Because blood has to travel so far through the body, blood vessels come in various sizes. Your body's circulatory system encompasses everything from the thick arteries and veins that branch off from the heart to the small capillaries that feed the tiniest, most distant parts of your body. Healthy blood vessels are flexible and strong, capable of containing the pulsing pressure of rushing blood, heartbeat after heartbeat, year after year, for a lifetime. We'd like to think that they're durable too, but the reality is that vessels are relatively fragile.
What Is Hypertension?
Hypertension is another term for high blood pressure. As the heart contracts to pump blood through the arteries, the force of that rushing blood against the vessel walls is called systolic blood pressure. As the heart relaxes between beats, the blood presses less forcefully against the vessel walls, reflected in your diastolic blood pressure. When you go to the doctor, your blood pressure is given in two numbers: systolic pressure over diastolic pressure, measured in millimeters of mercury (mmHg).
Physicians recommend that you maintain blood pressure at or below 120/80 mmHg, but high blood pressure is medically defined as any reading higher than 140/90 mmHg. Readings of 121 to 139 systolic or 81 to 89 diastolic are considered prehypertension, a warning that blood pressure may soon rise into the danger zone. The higher your blood pressure, the greater your risk of disease, including heart attack, stroke, kidney failure, and other blood-vessel disorders. That’s because when blood pressure is higher than normal, it pummels the delicate lining of blood vessels.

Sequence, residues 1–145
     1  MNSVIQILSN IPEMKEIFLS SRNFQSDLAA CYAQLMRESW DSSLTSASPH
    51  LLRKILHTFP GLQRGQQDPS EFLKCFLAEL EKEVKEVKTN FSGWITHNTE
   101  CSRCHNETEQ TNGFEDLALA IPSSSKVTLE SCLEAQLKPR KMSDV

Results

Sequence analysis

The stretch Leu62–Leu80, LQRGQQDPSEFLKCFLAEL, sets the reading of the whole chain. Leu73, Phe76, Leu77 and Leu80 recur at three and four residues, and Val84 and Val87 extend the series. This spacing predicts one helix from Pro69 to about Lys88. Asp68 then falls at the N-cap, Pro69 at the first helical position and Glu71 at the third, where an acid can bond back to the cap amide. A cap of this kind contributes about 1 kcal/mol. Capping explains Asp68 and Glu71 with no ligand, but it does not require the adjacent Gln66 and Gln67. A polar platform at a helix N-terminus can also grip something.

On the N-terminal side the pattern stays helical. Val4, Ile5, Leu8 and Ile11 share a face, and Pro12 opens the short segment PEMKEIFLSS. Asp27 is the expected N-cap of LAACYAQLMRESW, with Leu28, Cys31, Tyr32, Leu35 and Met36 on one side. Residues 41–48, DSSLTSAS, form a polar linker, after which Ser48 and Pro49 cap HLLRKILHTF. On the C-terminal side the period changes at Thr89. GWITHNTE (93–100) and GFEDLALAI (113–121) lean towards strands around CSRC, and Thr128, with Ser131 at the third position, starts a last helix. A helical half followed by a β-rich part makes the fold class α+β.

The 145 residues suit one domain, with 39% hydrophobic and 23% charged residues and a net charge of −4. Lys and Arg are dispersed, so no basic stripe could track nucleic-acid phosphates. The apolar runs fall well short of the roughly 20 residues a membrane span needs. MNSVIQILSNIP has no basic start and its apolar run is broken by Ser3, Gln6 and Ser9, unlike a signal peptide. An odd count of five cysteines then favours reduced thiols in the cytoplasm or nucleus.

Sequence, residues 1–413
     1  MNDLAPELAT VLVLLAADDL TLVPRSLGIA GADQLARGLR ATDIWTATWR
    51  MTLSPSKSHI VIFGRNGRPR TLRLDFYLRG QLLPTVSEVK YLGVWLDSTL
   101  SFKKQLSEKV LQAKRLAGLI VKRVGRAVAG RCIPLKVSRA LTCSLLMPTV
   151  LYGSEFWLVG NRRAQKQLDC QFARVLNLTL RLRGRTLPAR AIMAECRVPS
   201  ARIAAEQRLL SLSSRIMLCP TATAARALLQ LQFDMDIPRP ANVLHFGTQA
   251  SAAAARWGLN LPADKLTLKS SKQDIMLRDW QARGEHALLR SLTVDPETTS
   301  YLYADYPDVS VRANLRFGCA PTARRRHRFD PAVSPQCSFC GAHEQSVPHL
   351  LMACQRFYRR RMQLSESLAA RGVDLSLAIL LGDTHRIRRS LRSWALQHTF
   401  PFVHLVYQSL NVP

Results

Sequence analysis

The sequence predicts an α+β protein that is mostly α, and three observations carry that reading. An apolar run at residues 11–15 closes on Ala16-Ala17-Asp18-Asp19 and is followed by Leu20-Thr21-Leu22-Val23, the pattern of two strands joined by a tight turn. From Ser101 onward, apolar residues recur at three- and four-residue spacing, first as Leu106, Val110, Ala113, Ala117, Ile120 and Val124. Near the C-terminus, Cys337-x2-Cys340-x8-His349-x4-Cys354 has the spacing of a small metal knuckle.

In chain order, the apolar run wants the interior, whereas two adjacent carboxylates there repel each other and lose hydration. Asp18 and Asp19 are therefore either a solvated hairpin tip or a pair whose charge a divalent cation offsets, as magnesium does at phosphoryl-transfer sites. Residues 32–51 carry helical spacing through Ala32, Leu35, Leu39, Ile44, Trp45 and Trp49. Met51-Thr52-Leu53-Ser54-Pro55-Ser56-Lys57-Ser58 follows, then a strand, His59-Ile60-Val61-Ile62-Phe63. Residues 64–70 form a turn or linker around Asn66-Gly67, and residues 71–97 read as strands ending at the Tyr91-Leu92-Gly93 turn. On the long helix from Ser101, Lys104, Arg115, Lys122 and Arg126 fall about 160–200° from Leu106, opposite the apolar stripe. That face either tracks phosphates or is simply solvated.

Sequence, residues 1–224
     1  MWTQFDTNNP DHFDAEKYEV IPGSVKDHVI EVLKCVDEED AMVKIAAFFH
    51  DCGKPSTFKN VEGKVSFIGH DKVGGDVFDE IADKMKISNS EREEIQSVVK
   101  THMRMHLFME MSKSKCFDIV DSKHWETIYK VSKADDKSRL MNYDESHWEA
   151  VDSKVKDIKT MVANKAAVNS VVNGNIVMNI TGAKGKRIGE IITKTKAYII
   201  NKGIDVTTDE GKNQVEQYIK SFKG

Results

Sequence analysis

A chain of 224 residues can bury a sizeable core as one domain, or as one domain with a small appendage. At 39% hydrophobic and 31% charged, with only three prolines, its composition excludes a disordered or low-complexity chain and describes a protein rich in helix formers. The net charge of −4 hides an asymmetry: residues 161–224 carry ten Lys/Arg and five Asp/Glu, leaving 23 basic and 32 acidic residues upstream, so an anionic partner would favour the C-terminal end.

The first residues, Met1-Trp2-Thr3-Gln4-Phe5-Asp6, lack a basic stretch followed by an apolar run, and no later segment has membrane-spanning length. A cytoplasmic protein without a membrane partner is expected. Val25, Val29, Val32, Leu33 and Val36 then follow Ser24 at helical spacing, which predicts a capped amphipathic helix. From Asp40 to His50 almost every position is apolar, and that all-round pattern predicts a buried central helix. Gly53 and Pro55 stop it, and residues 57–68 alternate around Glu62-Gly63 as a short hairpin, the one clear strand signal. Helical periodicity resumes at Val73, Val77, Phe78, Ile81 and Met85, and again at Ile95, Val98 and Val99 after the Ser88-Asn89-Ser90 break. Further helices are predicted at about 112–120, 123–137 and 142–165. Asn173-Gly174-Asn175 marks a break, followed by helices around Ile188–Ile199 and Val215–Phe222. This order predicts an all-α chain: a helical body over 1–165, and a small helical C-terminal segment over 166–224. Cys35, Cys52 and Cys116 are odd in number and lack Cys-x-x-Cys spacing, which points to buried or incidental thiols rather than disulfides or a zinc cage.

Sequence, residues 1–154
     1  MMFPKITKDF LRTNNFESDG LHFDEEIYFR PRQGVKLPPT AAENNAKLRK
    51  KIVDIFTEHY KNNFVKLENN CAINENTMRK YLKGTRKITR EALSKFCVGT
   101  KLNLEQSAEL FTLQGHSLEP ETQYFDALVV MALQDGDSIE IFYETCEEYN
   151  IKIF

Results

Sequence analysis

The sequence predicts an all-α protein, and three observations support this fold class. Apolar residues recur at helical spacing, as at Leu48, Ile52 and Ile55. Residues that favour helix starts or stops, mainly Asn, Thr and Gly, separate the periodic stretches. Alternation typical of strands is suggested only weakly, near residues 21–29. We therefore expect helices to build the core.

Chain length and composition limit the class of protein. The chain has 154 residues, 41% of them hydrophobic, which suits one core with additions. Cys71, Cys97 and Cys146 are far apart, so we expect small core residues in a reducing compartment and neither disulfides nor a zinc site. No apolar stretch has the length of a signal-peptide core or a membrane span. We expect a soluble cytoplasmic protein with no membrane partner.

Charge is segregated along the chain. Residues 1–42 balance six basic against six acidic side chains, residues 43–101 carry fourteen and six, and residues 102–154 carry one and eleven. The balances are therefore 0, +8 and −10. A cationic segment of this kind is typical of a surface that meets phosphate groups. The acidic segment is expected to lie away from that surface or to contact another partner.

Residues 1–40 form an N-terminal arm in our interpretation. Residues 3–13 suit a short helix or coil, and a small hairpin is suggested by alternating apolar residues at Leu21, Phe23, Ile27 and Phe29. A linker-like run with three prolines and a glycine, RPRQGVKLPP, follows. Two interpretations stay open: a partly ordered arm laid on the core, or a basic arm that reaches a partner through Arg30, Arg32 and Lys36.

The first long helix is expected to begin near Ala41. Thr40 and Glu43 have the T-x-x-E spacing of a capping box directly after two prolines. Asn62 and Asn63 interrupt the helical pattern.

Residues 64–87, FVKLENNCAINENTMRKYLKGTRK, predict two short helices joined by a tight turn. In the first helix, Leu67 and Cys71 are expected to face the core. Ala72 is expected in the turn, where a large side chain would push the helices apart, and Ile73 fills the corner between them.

Left untreated, high blood pressure can cause structural damage and inflammation. In addition, high blood pressure can trigger a condition called atherosclerosis — the formation of plaque, a fatty substance that builds up on the inside of the vessels, making them narrower and less flexible, and choking the blood supply to every part of the body. Mind you, these narrow vessels must still carry the same amount of blood as they did when they were healthy, which only adds to the pressure the vessel walls must bear. So high blood pressure is a risk factor for even higher blood pressure.That’s why blood pressure problems never really go away — once you have damage from high blood pressure, you’ll have to fight to control it forever.
I Have High Blood Pressure — Now What?
If you’ve been diagnosed with hypertension, your doctor has probably already told you the basics. You can control your blood pressure by:
- Reaching and maintaining a healthy weight.
- Reducing your bad cholesterol (LDL) if it’s high. Read how to improve your HDL.
- Limiting the salt in your diet.
- Adding calcium, vitamin D, magnesium, and potassium to your diet.
A Word About Metabolic Syndrome
Hypertension is a major risk for heart disease, but it's not the only one. Other important risk factors are high triglycerides, low HDL ("good cholesterol"), a large waist (35" or more for women, 40" or more for men), or fasting blood sugar higher than 110 mg/dL. Having any of these risk factors is bad enough, but having more than one amplifies the threat. Having three of them is the definition of metabolic syndrome — that's a cluster of risk factors that, taken together, create a toxic environment in your blood vessels. It's important to tackle each one of your heart-health problems to reduce your risk of heart disease, heart attack, and stroke.
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